nanosecond


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nanosecond

[′nan·ə‚sek·ənd]
(mechanics)
A unit of time equal to one-billionth of a second, or 10-9 second.
McGraw-Hill Dictionary of Scientific & Technical Terms, 6E, Copyright © 2003 by The McGraw-Hill Companies, Inc.

nanosecond

(unit)
(ns) 10^-9 seconds; one thousand millionth part of a second.

This is the unit in which the fundamental logical operations of modern digital circuits are typically measured. For example, a microprocessor with a clock frequency of 100 megahertz will have a 10 nanosecond clock period.
This article is provided by FOLDOC - Free Online Dictionary of Computing (foldoc.org)

nanosecond

(1) One billionth of a second. Used to measure the speed of logic and memory chips, a nanosecond can be visualized by converting it to distance. In one nanosecond, electricity travels approximately a foot in a wire. Admiral Grace Hopper was famous for handing out strands of "telephone wire nanoseconds" to her audience whenever she lectured about technology. Holding the wire turns the unreal concept of a billionth of a second into reality.

Even at 186,000 miles per second, electricity is never fast enough for the hardware designer who worries over a few inches of circuit path. The slightest delay is multiplied millions of times, since billions of pulses are sent through a wire in a single second. In addition, today's chips contain more than a thousand feet of wire traces, which are the circuit pathways that carry electricity. See space/time, jiffy and ohnosecond.

(2) The time between a traffic light turning green and a New York City cab driver blowing his horn.
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References in periodicals archive ?
2,b with nanosecond pulses for the estimated calculation of the pulse energy are divided into triangular areas.
The markings were proven to withstand the 500 cycles, however the study provided evidence that only by using an additional passivation process--developed to exactly match the marking process--can long-term protection against corrosion be achieved for marks made with both short-pulsed (nanosecond) and ultrashort pulsed (picosecond) lasers.
To avoid the interference of patch-clamp to the cell exposed to nanosecond pulsed electric field, patch pipette keeps intact with the cell until 50 s (80-120 s on average) after the exposure.
"This therapy does not cure," says Kwan, "but it can give a person that nanosecond of relief that can make a big difference."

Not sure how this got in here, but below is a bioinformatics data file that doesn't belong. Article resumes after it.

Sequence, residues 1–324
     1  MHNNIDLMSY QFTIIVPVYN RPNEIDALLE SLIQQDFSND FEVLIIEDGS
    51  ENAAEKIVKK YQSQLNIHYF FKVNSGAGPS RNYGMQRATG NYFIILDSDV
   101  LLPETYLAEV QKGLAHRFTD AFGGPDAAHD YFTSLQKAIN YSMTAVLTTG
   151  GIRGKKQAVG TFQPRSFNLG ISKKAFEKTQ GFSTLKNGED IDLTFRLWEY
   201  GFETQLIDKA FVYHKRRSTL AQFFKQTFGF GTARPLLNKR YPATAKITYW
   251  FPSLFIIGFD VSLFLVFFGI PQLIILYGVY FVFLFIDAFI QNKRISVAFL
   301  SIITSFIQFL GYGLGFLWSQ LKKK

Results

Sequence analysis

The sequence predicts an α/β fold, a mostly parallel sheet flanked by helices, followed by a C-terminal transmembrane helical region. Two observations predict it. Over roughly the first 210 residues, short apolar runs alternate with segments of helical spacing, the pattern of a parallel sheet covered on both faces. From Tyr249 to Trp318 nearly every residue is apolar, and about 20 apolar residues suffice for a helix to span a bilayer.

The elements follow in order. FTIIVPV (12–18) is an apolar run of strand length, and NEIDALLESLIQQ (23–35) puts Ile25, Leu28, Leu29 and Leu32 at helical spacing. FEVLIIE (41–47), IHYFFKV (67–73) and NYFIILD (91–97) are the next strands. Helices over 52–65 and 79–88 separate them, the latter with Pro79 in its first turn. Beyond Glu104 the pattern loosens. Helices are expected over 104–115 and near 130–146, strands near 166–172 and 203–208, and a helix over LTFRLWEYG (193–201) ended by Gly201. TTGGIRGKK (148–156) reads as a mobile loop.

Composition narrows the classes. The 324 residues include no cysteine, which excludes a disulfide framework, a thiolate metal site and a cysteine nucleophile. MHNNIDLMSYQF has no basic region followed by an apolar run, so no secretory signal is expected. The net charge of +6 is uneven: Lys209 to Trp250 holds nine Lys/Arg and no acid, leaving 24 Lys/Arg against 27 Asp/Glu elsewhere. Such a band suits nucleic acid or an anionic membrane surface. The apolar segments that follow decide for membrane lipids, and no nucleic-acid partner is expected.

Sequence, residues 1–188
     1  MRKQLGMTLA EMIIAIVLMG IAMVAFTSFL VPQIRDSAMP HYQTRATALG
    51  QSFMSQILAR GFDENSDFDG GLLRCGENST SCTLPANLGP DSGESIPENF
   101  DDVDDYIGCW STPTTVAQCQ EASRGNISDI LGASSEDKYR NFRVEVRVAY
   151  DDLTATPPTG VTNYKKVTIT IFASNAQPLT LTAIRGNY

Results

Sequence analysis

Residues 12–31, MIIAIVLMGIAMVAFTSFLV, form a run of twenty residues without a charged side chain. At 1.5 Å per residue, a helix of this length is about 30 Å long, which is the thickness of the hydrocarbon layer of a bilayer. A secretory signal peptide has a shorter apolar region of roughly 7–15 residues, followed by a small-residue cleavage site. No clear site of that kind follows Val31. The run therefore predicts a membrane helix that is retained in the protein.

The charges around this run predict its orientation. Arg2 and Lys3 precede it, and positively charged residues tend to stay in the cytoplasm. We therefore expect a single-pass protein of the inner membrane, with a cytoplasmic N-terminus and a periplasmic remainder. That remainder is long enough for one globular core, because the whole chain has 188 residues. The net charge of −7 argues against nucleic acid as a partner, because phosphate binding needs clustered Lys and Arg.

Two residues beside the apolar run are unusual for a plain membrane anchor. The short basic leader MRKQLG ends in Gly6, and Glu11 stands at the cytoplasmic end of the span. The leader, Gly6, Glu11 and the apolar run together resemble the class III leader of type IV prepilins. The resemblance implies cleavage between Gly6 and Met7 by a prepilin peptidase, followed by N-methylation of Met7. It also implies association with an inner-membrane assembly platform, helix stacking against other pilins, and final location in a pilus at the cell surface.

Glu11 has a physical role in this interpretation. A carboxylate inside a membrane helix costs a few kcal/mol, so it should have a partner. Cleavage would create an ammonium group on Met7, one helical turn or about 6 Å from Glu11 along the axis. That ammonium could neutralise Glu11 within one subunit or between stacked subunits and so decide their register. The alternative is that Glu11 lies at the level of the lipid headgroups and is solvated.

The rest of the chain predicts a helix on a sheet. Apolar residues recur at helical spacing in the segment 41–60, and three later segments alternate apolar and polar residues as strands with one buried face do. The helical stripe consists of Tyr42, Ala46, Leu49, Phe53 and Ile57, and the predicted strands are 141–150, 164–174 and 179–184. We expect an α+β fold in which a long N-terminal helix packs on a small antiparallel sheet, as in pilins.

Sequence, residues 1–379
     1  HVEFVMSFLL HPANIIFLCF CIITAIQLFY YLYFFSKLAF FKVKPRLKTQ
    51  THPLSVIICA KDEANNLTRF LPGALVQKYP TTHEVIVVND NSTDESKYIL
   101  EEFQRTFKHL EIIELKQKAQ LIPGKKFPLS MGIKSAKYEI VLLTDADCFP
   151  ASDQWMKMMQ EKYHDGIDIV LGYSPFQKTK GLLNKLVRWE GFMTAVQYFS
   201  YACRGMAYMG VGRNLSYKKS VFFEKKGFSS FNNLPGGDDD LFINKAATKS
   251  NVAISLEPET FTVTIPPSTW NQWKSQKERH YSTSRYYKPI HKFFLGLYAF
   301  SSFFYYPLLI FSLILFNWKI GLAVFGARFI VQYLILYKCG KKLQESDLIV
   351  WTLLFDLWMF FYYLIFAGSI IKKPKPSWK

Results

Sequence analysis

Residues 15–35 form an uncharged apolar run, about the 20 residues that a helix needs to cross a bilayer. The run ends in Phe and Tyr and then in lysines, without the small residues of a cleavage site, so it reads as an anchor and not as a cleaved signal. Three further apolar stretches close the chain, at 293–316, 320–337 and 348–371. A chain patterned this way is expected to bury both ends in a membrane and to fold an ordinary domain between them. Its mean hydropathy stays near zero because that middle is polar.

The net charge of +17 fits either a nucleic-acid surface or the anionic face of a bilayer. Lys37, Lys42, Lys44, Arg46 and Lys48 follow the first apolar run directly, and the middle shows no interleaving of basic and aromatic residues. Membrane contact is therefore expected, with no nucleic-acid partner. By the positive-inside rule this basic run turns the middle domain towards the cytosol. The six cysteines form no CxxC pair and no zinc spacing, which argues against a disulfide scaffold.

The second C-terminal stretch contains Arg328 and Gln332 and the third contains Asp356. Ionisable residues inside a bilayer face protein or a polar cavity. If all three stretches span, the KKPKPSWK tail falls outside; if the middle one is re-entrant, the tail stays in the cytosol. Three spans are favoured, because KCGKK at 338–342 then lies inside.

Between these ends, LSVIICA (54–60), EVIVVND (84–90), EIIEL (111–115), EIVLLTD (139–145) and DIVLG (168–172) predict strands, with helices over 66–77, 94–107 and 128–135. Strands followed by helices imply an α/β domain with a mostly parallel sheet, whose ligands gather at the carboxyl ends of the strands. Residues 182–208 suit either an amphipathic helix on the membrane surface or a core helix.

The device offers true hardware simultaneous read/write, 25 nanosecond page-mode read access and 70 nanosecond random asynchronous access, and delivers industry-leading data transfer rates.
The loads, with a 500 nanosecond or 1 microsecond rise time for any load step, are the first commercially available loads capable of testing voltage regulation on power supplies used with today's GHz processor computers and other instant-demand applications.
Sound your horn one nanosecond after the lights change to green if the car in front hasn't sped off.
"For a nanosecond, we considered making recycled compounds," recalls president Thomas Ricciardelli, "but decided up front we were better off making parts for other people."
The thrill is in that nanosecond of quiet when you sense you will finally talk to an actual person--before the hope is dashed by another voice that begins, "Thank you for calling AOL.
Every nanosecond of sound has been painstakingly sharpened and barbed.
Sarraute's trademark is the elaboration of the nanosecond of response--by what torturous routes does a forgotten word return to memory?; how can "they" say "that" to "me"?; why is such and such an expression not exactly appropriate to the situation I wish to describe?--but in the information age, the nanosecond seems no longer worthy to be explored.
MIR was made possible by an inexpensive technique developed in the LLNL's Laser Fusion Program for measuring very rapid signals in experiments in which the Lab's powerful Nova laser heats hydrogen isotopes for about a nanosecond and the energy that is released is measured.